Re: Analyzing a PA

Whups, that's "current equals Power / Voltage".
100W / 9.05V = about 11A.

To pull 11A out of a 9V source, we need a load impedance of
9/11, or about .82 ohms.

The impedance ratio ( for one side of the center tap ) is 50/.82, or 61.
The turns ratio is square root of 61.
Let's call it 64 for a turns ratio of 8.
...but this is only one half of the primary.
So - final answer - turns ratio of 4. I think.

- Jerry

On 2021-06-23 08:56, jerry@... wrote:
I have a sudden interest in calculating transformer ratios for
solid state power amplifiers. Mostly, because I have a Chinese kit
linear I'd like to interface to my QRP radios.
Not sure I remember how to do this, but here goes:
* Suppose I want to deliver 100W with a power supply of 13.8V. What
turns ratio do I need for the output transformer?
We have two devices in push-pull. Each device delivers 100W, but
only half the time. I'll do it for one device.
I'll assume that my device can swing its output voltage to within a
half volt of ground and Vdd. So its total available swing is 12.8V,
or 12.8V PEAK. Assuming a sine wave, the RMS
voltage is the peak voltage divided by the square root of two,
or about 9.05V.
Here's where I get a little confused. For a single-ended amp, I
would say "Peak-to-peak swing is 12.8V" - peak voltage 12.8 divided by
2, rms = peak divided by squareroot-of-two. But for a push-pull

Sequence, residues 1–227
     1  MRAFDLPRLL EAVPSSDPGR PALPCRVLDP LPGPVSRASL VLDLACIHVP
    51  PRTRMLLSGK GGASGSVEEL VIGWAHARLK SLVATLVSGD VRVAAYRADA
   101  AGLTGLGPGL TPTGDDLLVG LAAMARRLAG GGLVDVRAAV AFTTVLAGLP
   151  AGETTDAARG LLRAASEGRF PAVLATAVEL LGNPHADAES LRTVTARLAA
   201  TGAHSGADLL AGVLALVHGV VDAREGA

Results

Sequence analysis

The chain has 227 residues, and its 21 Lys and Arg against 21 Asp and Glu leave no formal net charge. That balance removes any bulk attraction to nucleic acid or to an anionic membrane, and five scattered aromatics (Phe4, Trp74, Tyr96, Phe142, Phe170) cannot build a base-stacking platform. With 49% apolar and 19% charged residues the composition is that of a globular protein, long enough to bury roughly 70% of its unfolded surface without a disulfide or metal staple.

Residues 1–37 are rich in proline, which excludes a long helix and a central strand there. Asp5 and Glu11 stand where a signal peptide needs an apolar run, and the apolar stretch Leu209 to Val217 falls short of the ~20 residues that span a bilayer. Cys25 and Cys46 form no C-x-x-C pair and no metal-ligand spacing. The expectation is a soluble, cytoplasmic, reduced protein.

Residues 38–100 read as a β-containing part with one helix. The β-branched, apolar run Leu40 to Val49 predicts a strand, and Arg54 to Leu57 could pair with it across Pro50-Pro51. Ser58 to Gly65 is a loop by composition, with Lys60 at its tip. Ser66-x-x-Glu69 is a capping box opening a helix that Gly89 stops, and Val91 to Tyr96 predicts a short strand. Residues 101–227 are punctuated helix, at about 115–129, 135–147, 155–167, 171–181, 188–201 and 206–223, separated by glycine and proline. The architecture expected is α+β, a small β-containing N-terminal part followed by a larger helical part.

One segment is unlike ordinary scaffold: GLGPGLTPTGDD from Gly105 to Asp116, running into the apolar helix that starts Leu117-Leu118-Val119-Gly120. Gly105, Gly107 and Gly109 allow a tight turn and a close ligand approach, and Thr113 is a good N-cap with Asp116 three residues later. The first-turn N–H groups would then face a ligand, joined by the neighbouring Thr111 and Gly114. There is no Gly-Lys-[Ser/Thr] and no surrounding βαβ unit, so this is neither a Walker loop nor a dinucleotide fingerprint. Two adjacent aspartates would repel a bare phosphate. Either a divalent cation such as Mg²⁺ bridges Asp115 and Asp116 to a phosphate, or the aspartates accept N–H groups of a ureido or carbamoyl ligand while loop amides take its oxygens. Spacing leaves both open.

stage, each transistor delivers one ALTERNATION of the output wave.
So I guess I don't have to put in that divide by two to get from
peak-to-peak to peak.
So - we have a device delivering 9.05V (rms). To deliver 100W,
( for half the time ), current = voltage / power, or 50/9.05, or 5.52
Amps. And the desired load impedance would be R = E/I, or 9.05/5.52,
about 1.6 ohms.
For the transformer, we have a center-tapped primary, with 1.6 ohms
impedance on each side of the center tap, or 3.2 ohms total. So our
impedance ratio is 50ohms / 3.2ohms, or 15.6. Let's call it 16.
Turns ratio is the square root of impedance ratio. So that gives us a
ratio of 4.
Does this sound about right?
Forty years ago, I could literally do this stuff in my head...
I was just reading a footnote in my 1976 "Devices and Circuits"
college textbook:
"* Most FETs have power ratings under 1 W, although a few are
available with ratings as high as 10 W."
- Jerry KF6VB

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